Original(quelle) at: Part-Time Scientists Blog
Moon Day-/Nighttime Temperature Map; © by NASA
Roving on the moon can be a toasty experience, or a chilly one. The minimum temperature on the lunar surface is -183°C (90K) and the maximum +117°C (390K). This extreme environment can cause significant stresses to the technology used on the moon. One specific stress is due to exposure to the Sun’s radiation. During the lunar day, the Sun is shining from above and is also being partially reflected back up from the lunar surface. Ideally, we would like to keep as much of this heat as possible outside of the rover. In addition, there is heat being generated by the electronic components inside the rover. This heat must be transported to the rover’s surface where it can be radiated away. Thus, the rover should be designed so that the radiation from outside is reflected away while the heat from inside is brought to the surface and then radiated to open space. To understand how this is accomplished, we need to have a closer look at how most materials respond to heat and radiation.
In this picture you can see the spectrum of the sun and the amount of energy it emits depending on frequency of radiation. The sun itself is a so-called “Black body” and emits the most energy at 5777K, which is a nice bright blue color. The electronics on the other side emit most of its energy at 1000K and below. © by pts.com
When radiation strikes a surface, its energy is reflected, transmitted, or absorbed. In addition any surface will emit radiation. When radiation is reflected, the energy is immediately sent back out into the environment. Transmitted radiation will pass through an object with little or no modification, that means, you can see through it. Radiation energy, which is absorbed by a material, is typically converted into heat energy (or electricity in the case of solar panels). Any material that absorbs radiation is also capable
of emitting radiation. The emitted radiation is typically of the same spectral characteristics as the absorbed radiation. If an object is absorbing more energy than it emits, then its temperature will rise. If an object is emitting more energy than it absorbs, then its temperature will fall. Thermal equilibrium is obtained when the amount of energy emitted by an object equals the amount of energy absorbed by an object. For example, the lunar surface achieves thermal equilibrium at 117°C (390K) when exposed to sunlight, and -183°C (90K) in the shade. The temperature at which thermal equilibrium occurs is dependent on the properties of the material and the spectrum of radiation to which the material is exposed. Thus, the temperature of the surface of the moon is dependent on the material properties of lunar regolith and the spectrum of radiation from the Sun.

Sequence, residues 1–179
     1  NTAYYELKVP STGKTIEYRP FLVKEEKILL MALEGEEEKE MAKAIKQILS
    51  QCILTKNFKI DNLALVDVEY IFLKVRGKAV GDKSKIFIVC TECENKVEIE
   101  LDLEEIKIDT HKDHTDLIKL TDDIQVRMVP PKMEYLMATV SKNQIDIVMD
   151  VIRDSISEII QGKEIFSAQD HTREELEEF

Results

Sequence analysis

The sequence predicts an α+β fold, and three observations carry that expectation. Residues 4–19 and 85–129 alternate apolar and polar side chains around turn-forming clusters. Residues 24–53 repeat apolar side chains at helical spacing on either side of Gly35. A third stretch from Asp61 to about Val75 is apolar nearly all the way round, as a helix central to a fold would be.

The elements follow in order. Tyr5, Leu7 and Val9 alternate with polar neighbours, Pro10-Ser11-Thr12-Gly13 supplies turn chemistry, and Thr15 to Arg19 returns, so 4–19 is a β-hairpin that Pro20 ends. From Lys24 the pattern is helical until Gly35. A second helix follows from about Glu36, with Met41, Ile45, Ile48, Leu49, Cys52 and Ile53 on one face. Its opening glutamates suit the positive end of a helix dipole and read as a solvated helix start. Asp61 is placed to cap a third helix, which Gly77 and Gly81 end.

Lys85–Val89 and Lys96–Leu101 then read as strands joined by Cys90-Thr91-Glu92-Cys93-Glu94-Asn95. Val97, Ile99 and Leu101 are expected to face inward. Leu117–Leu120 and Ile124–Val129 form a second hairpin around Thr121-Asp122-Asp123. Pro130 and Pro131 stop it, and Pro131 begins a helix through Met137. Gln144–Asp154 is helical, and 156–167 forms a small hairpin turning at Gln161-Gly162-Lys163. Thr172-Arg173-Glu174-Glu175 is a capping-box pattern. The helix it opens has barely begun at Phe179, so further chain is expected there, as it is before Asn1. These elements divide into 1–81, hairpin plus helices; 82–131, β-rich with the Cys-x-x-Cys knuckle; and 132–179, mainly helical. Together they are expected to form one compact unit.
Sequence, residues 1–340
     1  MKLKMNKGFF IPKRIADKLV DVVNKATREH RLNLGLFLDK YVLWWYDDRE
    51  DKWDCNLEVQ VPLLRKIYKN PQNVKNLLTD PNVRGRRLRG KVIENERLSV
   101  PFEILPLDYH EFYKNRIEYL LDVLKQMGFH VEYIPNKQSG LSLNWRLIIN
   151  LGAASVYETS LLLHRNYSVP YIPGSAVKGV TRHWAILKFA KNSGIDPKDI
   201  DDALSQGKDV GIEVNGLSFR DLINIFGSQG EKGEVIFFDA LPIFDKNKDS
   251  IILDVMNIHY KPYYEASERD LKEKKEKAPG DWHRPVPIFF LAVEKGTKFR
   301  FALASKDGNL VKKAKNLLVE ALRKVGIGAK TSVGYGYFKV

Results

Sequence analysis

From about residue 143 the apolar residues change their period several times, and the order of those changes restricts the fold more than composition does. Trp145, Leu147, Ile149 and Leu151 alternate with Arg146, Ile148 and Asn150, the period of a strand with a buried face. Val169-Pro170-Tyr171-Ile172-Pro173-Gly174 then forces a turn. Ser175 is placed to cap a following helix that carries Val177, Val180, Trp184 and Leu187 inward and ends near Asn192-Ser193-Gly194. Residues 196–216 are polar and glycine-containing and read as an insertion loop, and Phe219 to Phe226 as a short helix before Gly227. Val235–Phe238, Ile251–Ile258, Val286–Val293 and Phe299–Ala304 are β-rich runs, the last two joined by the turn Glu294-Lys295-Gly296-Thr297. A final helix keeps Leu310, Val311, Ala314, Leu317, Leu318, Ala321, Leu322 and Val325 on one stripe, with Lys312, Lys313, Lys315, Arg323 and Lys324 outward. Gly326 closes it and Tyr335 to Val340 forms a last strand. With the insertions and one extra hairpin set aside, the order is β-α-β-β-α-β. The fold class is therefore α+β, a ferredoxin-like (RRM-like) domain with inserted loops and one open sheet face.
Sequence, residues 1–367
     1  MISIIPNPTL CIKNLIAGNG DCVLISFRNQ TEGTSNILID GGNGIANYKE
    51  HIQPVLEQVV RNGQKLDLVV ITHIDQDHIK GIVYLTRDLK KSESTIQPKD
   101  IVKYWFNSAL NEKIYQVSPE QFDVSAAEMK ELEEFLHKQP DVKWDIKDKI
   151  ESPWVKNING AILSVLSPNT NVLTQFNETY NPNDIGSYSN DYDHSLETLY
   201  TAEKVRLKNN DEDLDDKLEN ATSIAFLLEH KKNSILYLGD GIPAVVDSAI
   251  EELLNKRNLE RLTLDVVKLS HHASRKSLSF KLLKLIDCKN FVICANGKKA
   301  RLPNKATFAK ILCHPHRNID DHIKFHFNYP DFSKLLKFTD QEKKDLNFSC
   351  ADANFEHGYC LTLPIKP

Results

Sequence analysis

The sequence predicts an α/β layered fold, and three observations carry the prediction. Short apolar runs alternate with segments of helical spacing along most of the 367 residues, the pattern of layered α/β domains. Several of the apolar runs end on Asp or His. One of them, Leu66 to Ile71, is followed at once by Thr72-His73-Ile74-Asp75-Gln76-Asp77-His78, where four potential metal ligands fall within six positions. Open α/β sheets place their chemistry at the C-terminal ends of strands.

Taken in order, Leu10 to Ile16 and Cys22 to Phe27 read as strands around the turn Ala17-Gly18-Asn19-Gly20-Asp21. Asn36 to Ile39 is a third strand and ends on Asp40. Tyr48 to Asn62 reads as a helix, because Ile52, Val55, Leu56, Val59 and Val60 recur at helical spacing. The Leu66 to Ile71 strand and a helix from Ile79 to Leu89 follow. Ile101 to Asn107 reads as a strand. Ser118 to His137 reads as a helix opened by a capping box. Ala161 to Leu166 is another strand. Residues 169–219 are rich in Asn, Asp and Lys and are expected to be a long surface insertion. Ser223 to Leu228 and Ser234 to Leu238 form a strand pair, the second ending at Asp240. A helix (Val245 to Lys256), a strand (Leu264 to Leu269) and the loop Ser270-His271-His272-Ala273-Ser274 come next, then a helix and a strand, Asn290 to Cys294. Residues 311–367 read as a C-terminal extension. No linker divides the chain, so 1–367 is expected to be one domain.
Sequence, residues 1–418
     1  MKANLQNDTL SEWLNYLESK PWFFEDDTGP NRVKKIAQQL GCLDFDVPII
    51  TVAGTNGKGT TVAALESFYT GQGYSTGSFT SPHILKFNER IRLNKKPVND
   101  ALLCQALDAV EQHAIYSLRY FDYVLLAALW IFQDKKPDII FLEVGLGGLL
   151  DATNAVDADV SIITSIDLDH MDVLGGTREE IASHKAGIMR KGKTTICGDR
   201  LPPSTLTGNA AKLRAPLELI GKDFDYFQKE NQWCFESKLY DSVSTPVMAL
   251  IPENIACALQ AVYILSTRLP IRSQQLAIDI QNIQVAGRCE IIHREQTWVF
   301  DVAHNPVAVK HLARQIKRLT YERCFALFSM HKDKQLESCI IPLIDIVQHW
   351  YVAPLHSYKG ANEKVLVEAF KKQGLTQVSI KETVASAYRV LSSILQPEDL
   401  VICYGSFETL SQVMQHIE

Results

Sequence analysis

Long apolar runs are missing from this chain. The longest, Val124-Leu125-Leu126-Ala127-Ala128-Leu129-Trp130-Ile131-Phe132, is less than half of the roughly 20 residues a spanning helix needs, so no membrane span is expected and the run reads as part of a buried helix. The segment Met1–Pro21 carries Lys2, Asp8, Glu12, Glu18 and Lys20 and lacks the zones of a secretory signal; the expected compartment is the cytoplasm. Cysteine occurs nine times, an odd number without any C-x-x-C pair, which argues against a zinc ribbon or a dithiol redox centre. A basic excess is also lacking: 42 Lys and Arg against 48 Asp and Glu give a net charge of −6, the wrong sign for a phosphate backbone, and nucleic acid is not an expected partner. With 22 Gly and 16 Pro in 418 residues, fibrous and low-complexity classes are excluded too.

A rover on the surface of the moon must be constructed out of materials which behave properly when exposed to the radiation environment of the lunar surface. Ideally, we would like to build the rover out of a material that would be able to reflect the most of the spectrum of the sun on the outside while absorbing very little. On the inside, however, we would like there to be very little reflection or absorption of the infrared radiation generated by the heat of the rover’s electronics. Unfortunately, we cannot have it both ways. A material which reflects infrared light from the outside will usually reflect on the inside as well. A rover constructed of this kind of material would turn into a wonderful oven, heated from the inside by its own electronics.
The challenge is to find materials that reflect the spectrum of radiation from the sun, which is predominantly in the visible range, while also absorbing and re-emitting the spectrum of radiation generated by the electronics, which is primarily in the infrared range. We then rely on the ability of the material to reach thermal equilibrium between the infrared radiation being absorbed from the Sun and the electronics with the radiation being emitted by the material back into empty space, which has a temperature of about -271°C (2K).
Surveyor 1 send to moon prior to Apollo missions; © by NASA
Previous NASA missions often used white or silver materials on the parts of the probes that were exposed to light. Other candidate materials include anodized aluminum and gold. Aluminum will typically reflect most of the visible spectrum, but will absorb and emit infrared light. Gold on the other hand reflects infrared through red and orange light and absorbs blue through violet and ultraviolet light. In summary that means: Gold keeps you form getting an cold and Aluminum prevents you from heating up in the sunlight. So for a rover you would use anodized aluminum on top of the rover to reflect the sunlight, absorb the heat from inside and emit it to space and on the bottom gold evaporated foil would be perfect as there’s almost no direct sunlight but infrared light.
Historically, the spacecraft which most closely resemble the rovers being designed for the Google Lunar X-Prize are the Surveyor probes launched by the United States in preparation for the Apollo missions. For more information into the topics discussed in this article, we recommend the following paper available from the NASA archives (page 181ff):Surveyor Program Results.
Authors: Arne Reiners & Daniel Ziegenberg